Imagine a simple cell phone platform that connects millions of impoverished people in Ghana to banking systems for the first time. Or a mobile-phone based reward system to bring garbage removal to the 17 million people living in the trash-heaped city of Lagos, Nigeria.
These possibilities have inspired 2012 Olin College of Engineering graduate Bukky Adebayo. "I'm good at math and science but my passion has always been about people," she says. "At Olin, I learned how to translate my natural aptitude to my interest in people--I learned that I could solve people's problems using math and science."
Adebayo, who moved to the United States from Nigeria when she was 9, first realized this in her Affordable Design and Entrepreneurship (ADE) course. "To say that ADE was the most transformative course of my Olin experience is an understatement," she says. In ADE, she joined a team of students tasked with building income-generation tools to help people living in poverty in Greensboro, Alabama.
As she worked to help Greensboro residents through easy-to-use technological solutions to pressing problems, Adebayo began to think about the people she could help back in Nigeria. "I felt a new sense that Nigeria is my country and if I can make the country better, I'm making life better for my family."
"At Olin I learned that engineering doesn't have to be all about cool robots, but about finding ways to change things," she says. "Lots of Nigerian problems don't need high-tech solutions."
So a year after college, Adebayo, having cut her teeth at a Boston start-up, hopped on a plane and joined the entrepreneurial African company Swifta to work on "mobile money," or financial transactions on mobile phones in which digital money replaces cash. It's taken off in many parts of Africa, transforming the lives of millions of (largely uneducated) people who didn't have access to banks.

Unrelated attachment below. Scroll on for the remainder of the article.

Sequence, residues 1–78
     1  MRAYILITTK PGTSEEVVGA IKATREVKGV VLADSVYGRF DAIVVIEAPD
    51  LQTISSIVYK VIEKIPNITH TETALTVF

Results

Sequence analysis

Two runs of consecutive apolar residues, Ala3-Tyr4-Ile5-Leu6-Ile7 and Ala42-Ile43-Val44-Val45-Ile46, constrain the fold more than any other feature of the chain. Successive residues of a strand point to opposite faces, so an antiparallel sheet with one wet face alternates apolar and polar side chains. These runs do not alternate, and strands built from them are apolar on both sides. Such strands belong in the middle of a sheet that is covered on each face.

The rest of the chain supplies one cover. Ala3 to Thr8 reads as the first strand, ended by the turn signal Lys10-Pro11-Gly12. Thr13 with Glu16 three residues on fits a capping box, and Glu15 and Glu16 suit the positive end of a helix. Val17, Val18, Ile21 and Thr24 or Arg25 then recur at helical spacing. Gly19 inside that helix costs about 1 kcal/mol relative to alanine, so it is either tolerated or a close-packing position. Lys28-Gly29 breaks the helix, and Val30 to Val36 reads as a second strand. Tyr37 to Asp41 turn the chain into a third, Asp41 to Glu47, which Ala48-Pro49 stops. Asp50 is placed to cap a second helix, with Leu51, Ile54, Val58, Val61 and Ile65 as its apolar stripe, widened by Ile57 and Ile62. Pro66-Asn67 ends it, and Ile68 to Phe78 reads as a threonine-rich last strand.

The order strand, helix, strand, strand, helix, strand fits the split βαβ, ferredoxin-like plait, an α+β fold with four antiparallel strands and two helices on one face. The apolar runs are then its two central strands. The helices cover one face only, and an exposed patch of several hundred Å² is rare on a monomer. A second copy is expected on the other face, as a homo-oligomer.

Not every student can walk away from a steady job to pursue her dream; Adebayo gratefully acknowledges her Olin scholarship, which left her debt-free on graduation. "The Olin scholarship gave me the freedom to explore opportunities like these," she says. She considers the scholarship a key way to ensure diversity at Olin. "A really cool part of the program is that it brings in other people like me, who grew up in immigrant families and aren't as well-off as some, and who are navigating their way through the American story."
Adebayo was willing to "push pause" on her own American story, feeling "a strong call to return to my mother country." She started at Swifta in Ghana before moving to Nigeria, developing mobile payment systems. "In Nigeria we went from having no mobile phones 10 years ago to over 80 percent of people having them today," she says. "We can use those phones as a platform for financial inclusion."
Now Adebayo works at the Nigerian-based social enterprise Wecyclers, which rewards people living in poor areas of Lagos when they recycle their household waste, preventing it from piling up. In densely populated low-income areas, people throw trash into streets, leading to health problems and flooding, which causes malaria. "People earning $1.25 a day can't pay for trash removal," she says. The company picks up bags of recycling from members, who earn points based on the trash's weight. Their points are accumulated on their mobile phones and can be cashed in for rewards like food items, household goods or even money.
Adebayo loves her job, but isn't quite ready to close the book on her American story. "I might head to New York," she says. "If it weren't for Olin I wouldn't have had confidence to find my own voice and not do what everyone else is doing. I've developed the confidence to drop myself anywhere and figure out how to make a life for myself--and I'm always going to go for it."
Note: Since being interviewed, Bukky has left Wecyclers and returned to the Boston area. She realized she needed to save some money, and she also saw how much more she had to learn. She is hoping to do that in some kind of combined business and emerging technology role with a US company. She might even want to do grad school in a few years.